A new study has shown that the overwhelming majority of UK consumers don’t trust what companies say in their advertising. So what does that mean for brands?
The fact that a mere 15.4% of the population believe brands’ advertising shows a need to shift from product pushing to storytelling in order to drive sales. The annual Global RepTrak 100 study by the Reputation Institute found that just 15.4% of UK consumers believe what companies say in their advertising, with the rest neutral, disbelieving or unsure.
The study also found that almost two-thirds (60%) of consumers globally are uncertain if they can trust the top 100 most reputable companies for product quality, honest business practices and credible leadership. Some 43% are unsure if a company’s products and services are of a high quality.
Kasper Ulf Nielsen, executive partner at the Reputation Institute, says companies that have successfully built trust have focused their marketing on bringing personality to the brand, rather than pushing the product alone, by engaging with customers on social media and co-creating campaigns with them. He warns of the risks of companies “not telling their stories”, particularly as critical consumers take to social media to voice their opinions.
Nielsen adds: “The mix of social media and critical consumers is toxic so companies need to get their good stories out there as a buffer to the negative claims. We know that even a single story can disrupt the most well-planned strategy, so to ensure positive results, companies need to tell their story.”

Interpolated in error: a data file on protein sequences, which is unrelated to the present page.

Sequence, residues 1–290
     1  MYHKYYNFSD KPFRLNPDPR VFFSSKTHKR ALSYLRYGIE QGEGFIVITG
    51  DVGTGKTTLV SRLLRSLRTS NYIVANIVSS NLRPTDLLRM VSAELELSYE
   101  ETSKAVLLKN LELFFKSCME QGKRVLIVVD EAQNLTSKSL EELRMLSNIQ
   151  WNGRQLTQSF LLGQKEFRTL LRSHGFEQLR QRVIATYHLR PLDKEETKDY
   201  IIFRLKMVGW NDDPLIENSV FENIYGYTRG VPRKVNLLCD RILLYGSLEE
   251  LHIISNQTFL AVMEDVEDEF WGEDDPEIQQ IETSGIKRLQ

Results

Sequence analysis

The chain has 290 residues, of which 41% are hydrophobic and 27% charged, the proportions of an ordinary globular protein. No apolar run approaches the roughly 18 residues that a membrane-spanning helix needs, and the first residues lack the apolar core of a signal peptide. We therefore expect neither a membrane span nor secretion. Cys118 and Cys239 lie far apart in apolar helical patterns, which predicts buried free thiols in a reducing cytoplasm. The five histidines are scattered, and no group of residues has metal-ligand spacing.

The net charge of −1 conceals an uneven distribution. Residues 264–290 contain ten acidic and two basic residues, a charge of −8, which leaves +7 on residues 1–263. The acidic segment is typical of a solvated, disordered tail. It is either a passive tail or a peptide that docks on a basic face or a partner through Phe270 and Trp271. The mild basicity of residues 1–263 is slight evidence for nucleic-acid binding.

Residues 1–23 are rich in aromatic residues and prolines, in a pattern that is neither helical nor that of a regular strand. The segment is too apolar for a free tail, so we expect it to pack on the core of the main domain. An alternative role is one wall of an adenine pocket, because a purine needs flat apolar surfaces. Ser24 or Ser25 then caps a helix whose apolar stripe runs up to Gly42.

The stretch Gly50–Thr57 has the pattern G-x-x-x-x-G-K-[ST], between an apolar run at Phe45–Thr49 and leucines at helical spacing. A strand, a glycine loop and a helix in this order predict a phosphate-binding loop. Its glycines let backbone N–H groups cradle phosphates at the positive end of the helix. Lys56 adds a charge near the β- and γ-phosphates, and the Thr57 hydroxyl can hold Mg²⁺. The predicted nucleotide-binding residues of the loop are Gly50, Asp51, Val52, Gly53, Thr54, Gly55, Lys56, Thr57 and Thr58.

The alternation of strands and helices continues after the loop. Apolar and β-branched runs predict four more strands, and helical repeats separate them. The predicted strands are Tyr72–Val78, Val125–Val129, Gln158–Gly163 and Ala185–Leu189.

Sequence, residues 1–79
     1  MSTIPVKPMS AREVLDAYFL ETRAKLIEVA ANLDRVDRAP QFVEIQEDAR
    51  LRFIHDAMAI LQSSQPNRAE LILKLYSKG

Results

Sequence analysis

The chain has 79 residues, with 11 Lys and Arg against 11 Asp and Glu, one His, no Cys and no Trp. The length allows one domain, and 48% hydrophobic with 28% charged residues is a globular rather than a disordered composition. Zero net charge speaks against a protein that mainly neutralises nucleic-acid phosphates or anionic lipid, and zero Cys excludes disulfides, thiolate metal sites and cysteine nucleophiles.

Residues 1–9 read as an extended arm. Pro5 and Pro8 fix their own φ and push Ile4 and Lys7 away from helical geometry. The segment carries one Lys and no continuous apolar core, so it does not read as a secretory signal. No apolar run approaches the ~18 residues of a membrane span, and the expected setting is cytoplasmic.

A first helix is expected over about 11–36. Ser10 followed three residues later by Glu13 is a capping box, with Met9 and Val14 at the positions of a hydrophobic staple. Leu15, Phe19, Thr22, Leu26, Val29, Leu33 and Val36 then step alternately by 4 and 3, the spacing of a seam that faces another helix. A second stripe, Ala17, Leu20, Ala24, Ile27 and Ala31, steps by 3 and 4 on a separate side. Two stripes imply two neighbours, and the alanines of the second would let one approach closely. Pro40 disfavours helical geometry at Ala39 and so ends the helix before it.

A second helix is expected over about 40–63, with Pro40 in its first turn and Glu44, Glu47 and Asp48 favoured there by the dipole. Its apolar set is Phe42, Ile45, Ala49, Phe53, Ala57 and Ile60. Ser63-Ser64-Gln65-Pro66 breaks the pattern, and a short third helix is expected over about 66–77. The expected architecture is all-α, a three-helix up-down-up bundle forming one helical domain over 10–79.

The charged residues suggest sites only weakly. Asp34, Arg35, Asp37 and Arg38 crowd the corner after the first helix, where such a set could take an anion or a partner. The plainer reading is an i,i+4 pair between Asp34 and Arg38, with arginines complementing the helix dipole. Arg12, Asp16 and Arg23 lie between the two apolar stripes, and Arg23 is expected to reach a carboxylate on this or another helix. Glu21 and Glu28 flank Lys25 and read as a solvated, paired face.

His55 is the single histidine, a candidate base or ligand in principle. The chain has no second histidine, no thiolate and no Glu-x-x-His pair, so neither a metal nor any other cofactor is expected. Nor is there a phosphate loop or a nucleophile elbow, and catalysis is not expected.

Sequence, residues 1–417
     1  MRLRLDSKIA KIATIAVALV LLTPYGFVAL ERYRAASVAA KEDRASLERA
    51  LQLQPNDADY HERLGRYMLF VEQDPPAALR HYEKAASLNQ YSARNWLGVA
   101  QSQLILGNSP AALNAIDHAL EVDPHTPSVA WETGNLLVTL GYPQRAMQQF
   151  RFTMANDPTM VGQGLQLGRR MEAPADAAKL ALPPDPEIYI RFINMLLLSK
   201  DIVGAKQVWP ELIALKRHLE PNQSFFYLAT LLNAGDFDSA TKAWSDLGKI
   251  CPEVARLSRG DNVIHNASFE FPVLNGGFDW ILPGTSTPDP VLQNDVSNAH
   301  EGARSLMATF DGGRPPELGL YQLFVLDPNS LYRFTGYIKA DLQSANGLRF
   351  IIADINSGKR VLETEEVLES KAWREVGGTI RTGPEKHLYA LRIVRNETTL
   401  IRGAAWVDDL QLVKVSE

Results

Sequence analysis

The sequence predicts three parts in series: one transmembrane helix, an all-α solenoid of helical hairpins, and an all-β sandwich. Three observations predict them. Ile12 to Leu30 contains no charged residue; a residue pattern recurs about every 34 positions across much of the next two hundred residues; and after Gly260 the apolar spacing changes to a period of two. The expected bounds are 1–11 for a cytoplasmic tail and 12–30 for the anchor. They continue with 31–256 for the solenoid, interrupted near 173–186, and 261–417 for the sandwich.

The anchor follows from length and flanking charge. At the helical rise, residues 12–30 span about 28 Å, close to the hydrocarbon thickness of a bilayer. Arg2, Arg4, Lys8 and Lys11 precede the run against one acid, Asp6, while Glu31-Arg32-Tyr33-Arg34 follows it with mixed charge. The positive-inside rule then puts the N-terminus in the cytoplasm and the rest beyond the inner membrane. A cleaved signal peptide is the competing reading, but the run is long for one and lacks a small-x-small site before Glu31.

One excellent example of brand storytelling is Chipotle’s The Scarecrow (https://www.youtube.com/watch?v=lUtnas5ScSE), a video created for online viewing to promote a free iOS game that enables players to earn buy-one, get-one-free deals on certain Chipotle menu items. It takes on processed food with its story of a dystopian world in which a scarecrow is forced to work in the factory of fictional industrial giant “Crow Foods”, but ultimately rebels, to produce and market his own farm-grown food. Message: “Cultivate a better world.”
Mark Crumpacker, CMO of Chipotle, whose brand promise is that it’s [fast] “Food with Integrity”, summed up the new campaign’s strategy in noting to USA Today that Chipotle is “trying to educate people about where their food comes from” but Millennials (Chipotle’s core target audience) “are sceptical of brands that perpetuate themselves.” “The more people learn about where their food comes from and how it is prepared, the more likely they are to seek out high-quality, classically prepared food like we serve in our restaurants”, Crumpacker elaborated in Chipotle’s release about the campaign.
Appealing to your target audience on a personal and emotional level seems to be the way forward in advertising. The most trusted companies (The Walt Disney Company and Google, according to the RepTrak survey) see reputation as an input to their strategy, not as a passive output from their communications. They use feedback from customers and other key stakeholders to make better business decisions, and that is what makes them trusted and relevant. By working systematically with reputation they have a clear understanding of where to invest and what to say, which increases their return on investments